Valentining Bobby Valentine, Victim of Three Biases

MLB: Boston Red Sox at Toronto Blue Jays

Hindsight bias is bad, confirmation bias is worse, and naked bias is the worst of all. 2012 Red Sox manager Bobby Valentine was the victim of all three with a vengeance during that disastrous Boston baseball season, and is still. I have been tempted to write about Bobby’s plight since last August, when the Red Sox management threw in the towel on the season and the long knives really came out in the Boston press corps. Now Valentine has been gone for six months, half the team has been replaced, and spring is dawning, yet hardly a day passes in which one of these ink-strained wretches  doesn’t take a pot-shot at the deposed manager, leaving the absolutely false impression that he could have done anything to forestall or mitigate the cataclysm that befell the Red Sox in 2012.

To  summarize the 2012 calamity briefly enough for those who don’t follow baseball and in enough detail to enlighten those who do, Valentine never had a chance. Inheriting a team that was already reeling from an inexplicable collapse in late 2011 that knocked it out of the play-offs on the last pitch of the season, he began 2013 with his bullpen in disarray due to an injury to the team’s closer in the dying breaths of spring training.  The team’s new set-up man, unhittable in the previous season with a different team, chose this critical period to essentially forget how to pitch, and as a result the Red Sox bullpen blew game after game in the late innings, triggering one of the worst team starts in memory. Then all of the four primary starting pitchers not only failed to reach their expected levels of performance, they out right stunk…for months, and for reasons raging from age to ennui to psychological collapse. Valentine, who was not allowed to name his own pitching coach, had to use the previously explosive bullpen early and often, and it performed extremely well, finally,.—but in games that were already lost. Then the injuries started, and never ended. The team’s super-star of the previous year, Jacoby Ellsbury, dislocated his shoulder, and was essentially lost for the year. All three starting outfielders were seriously injured and knocked out of the line-up, and so was the clean-up hitting third-baseman; worse, the Sox’s MVP second baseman, Dustin Pedroia, was injured and stayed in the line-up, leading to a mediocre season. Adrian Gonzalez, the supposed super-slugger whom the team was paying about 25 million dollars a year to hit 40+ homeruns and be near the lead leaders in on base percentage, stopped hitting home runs and getting on base, only recovering somewhat in both categories well after the season was doomed. Valentine somehow held the team near the .500 mark and one winning streak from play-off contention until late July, when both power-hitting rookie Will Middlebrooks and star DH David Ortiz went down for the season with injuries, right around the time the over-worked bullpen collapsed. The Red Sox then got a gift offer from the Dodgers that let them ship off Gonzalez, disappointing left fielder Carl Crawford and rapidly declining  pitching ace Josh Beckett and rid themselves of long-term contractual obligations approximately equal to the gross national product of Peru. The downside of that trade (now colloquially known in Beantown baseball circles as “the greatest trade ever”)  with almost two months left in the season, it was effectively over. With a depleted roster and a dispirited group of players, many of them veteran minor leaguers called up as injury replacements, the Red Sox lost 70% of their games from that point on, with Valentine periodically expressing his bitterness and frustration at the wreck of a campaign.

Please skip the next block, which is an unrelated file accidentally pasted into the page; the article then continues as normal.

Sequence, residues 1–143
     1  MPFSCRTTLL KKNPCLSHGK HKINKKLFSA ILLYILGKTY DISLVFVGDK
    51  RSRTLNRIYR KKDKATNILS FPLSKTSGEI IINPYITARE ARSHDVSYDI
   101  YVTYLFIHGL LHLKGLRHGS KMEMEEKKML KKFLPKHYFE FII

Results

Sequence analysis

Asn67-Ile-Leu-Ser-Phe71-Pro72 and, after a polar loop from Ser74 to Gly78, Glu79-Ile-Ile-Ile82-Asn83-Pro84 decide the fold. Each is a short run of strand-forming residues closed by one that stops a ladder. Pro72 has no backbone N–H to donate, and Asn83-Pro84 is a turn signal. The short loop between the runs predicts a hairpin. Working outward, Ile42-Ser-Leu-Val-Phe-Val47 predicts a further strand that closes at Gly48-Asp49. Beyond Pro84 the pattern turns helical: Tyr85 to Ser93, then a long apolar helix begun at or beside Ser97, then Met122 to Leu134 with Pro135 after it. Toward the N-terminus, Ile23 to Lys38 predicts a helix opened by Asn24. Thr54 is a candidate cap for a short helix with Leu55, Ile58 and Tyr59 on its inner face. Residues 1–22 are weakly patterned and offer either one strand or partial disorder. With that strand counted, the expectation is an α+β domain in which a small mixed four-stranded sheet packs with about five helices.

There was absolutely nothing Bobby Valentine, or any manager in the history of baseball for that matter, could have done to make last season successful.  That he was the convenient target of fan and media disappointment with the team’s second straight disaster is understandable, as is the fact that he had to be fired: this is what happens to the managers of teams with huge payrolls and high expectations that fail, no matter who is at fault. Valentine, a veteran of the game, certainly understands that. That a manager is accountable for a poor result is not in question, but for writers to misrepresent history and try to make the case that Valentine was blameworthy is unfair to the edge of libel.

Why are they doing this? As a group, baseball writers don’t like Bobby Valentine and never have. He’s cocky, arrogant, articulate, and, frankly, smarter than most writers, which they resent, and not hesitant about demonstrating it. Such individuals in all professions walk a professional tight-rope,  for they accumulate enemies rooting for them to fail. This was brilliantly evident when Valentine took over the Red Sox. Boston Globe Red Sox beat writer Pete Abraham, for example, spent the first two months of the season citing the team’s W-L record since the beginning of its September collapse of the previous year, making Valentine’s team look as if it was responsible for those losses as well as its own.